Subtitle: Imagination taking power

My article from the programme of Gecko Theatre’s ‘The Wedding’

On Friday night I was in Bristol to see Gecko Theatre’s brilliant new production ‘The Wedding’ at the Old Vic studio.  It was amazing. It now goes on tour to Watford, Nottingham, Derby, Liverpool, Doncaster, Oxford and Nuffield.  It is a truly remarkable piece of physical theatre, in which all the actors speak different languages. It touches deep into questions about our relationship to power, to systems, to each other, and into what it would feel like if we were able to break loose from being “wedded” to the current paradigm.  I loved it.  I was also asked to write a short article for the programme, given that as the show tours, it is connecting to Transition, or other similar groups in each place it visits.  Here is a short video taste of the show, and the piece I wrote. Go see it!

“There’s an old Belgian saying, “in the past, even the future was better”.  I often wonder whatever happened to the future.  When I was a child, we talked about the future a lot.  It was going to be amazing. We were going to have our own spaceships, robots in the home, hoverboots.  Actually I’m quite glad the whole hoverboots thing never happened.  Imagine your commute to work this morning with everyone on hoverboots.  Chaos.

But we don’t seem to talk about the future anymore. It feels too complex, too scary, too uncertain.  And so we ignore it, or we retreat into nostalgia, projecting our hopes into the past, what some call ‘retrotopia’, the increasingly prevalent idea that we should go ‘back’ to the 1950s.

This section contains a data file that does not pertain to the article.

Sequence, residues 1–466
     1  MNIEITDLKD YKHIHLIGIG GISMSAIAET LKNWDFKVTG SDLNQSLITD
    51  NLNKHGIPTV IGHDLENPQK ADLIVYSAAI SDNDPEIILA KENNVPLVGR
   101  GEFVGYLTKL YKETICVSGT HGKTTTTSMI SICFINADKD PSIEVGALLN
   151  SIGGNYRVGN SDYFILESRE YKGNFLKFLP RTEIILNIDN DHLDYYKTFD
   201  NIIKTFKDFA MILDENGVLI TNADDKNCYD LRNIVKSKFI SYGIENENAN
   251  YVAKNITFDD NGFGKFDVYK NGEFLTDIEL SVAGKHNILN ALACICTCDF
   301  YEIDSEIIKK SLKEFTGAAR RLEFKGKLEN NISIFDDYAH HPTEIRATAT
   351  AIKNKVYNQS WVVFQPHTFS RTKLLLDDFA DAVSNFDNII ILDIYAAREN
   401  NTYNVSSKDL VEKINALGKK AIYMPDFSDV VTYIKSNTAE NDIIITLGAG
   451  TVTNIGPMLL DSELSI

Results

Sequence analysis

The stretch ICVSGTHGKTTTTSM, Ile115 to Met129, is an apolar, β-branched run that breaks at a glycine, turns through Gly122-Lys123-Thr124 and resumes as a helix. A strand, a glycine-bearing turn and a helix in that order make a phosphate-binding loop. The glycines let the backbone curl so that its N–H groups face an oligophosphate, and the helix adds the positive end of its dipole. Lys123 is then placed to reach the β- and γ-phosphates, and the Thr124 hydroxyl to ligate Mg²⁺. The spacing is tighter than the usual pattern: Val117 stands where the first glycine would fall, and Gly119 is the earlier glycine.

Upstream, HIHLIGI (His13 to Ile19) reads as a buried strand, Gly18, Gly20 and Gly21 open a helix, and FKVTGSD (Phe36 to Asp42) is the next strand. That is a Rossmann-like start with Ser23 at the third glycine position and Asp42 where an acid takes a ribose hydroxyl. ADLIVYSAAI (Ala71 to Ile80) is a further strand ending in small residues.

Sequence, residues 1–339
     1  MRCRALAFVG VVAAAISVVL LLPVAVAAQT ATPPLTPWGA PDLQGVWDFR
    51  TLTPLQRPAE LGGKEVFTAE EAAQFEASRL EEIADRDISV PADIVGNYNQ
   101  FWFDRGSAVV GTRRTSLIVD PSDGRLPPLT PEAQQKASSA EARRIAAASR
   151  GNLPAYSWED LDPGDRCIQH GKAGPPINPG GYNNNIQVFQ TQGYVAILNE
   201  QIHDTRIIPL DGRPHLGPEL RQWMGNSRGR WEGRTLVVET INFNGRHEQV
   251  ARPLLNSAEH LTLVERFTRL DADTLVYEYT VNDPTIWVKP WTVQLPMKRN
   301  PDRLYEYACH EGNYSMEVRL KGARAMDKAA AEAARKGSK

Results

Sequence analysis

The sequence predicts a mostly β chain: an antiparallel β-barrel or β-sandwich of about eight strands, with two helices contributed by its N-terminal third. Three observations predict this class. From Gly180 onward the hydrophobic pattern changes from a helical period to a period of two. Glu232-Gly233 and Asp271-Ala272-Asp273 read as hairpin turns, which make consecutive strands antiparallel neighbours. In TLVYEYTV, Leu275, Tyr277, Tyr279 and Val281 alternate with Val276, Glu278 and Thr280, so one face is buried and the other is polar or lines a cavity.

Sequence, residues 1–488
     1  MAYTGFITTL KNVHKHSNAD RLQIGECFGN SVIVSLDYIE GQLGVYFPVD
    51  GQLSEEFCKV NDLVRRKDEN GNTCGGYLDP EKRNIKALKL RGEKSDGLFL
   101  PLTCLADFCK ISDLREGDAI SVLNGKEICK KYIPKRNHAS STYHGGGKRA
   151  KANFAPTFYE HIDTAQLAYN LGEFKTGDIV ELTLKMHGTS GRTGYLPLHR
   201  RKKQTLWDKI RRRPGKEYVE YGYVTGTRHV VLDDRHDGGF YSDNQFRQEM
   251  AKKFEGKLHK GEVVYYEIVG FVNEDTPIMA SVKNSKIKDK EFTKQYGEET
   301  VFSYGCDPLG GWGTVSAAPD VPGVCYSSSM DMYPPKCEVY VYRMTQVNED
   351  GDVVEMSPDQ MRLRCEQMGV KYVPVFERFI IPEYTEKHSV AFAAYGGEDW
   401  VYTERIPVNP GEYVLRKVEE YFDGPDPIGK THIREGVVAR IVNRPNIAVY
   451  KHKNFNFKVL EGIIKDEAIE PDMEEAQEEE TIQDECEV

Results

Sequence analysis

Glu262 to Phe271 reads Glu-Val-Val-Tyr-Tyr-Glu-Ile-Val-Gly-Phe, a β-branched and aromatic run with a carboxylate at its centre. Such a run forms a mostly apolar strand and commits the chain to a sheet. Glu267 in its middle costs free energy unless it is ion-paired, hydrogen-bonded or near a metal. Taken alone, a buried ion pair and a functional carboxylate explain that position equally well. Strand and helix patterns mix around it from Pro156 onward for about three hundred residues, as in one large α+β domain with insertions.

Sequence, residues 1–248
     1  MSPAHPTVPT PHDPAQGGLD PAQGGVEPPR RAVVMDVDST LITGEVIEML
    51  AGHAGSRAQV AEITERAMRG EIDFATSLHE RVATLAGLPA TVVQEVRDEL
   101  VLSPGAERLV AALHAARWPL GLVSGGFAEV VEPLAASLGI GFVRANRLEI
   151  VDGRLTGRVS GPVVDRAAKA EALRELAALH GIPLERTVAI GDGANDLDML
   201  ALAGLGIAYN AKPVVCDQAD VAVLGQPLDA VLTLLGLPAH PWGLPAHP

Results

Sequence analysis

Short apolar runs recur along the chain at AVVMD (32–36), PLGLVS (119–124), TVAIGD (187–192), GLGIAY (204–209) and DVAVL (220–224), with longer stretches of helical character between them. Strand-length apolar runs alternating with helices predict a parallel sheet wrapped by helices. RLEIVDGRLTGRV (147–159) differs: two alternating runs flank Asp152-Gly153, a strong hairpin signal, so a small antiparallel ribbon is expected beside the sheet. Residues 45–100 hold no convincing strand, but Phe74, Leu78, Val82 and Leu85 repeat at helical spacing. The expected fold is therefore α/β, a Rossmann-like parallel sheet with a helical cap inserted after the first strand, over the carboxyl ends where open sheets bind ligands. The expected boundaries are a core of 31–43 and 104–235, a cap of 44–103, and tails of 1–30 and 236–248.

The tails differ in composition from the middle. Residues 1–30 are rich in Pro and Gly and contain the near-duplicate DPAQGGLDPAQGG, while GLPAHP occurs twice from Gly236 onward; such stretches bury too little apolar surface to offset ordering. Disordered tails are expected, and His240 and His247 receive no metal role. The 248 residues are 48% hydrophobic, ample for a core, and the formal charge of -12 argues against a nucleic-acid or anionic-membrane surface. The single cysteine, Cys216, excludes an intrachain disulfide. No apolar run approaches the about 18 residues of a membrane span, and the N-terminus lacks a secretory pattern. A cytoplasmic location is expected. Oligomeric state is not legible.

But this is the worst possible time to turn our backs on the future. As we face a historically unprecedented onslaught of challenges, it is vital that we can imagine a future other than business-as-usual, because we know that business-as-usual will destroy life on this planet.  So the creation of anything else is fundamentally a work of the imagination.  Imagination, “that vast and scintillating internal fountain of all things strange and new” as Mike Llewellyn at TED.com described  it.

In our daily lives there are less and less spaces where imagining the future is encouraged.  In school there is a focus on testing from a young age that seems to produce little of use other than chronic stress and anxiety.  Universities are increasingly results-driven with declining space for creativity.  In our work lives we are usually encouraged to hang our imaginations up on the peg along with our coat when we arrive in the morning. Our home lives? We now spend, on average, 65% of our waking hours in front of screens.  The imagination needs space, reflective time, and other people.  Without that, we find ourselves living in what, presciently, William Walsh, writing in 1958, described as “an age suffering from the amnesia of the imagination”.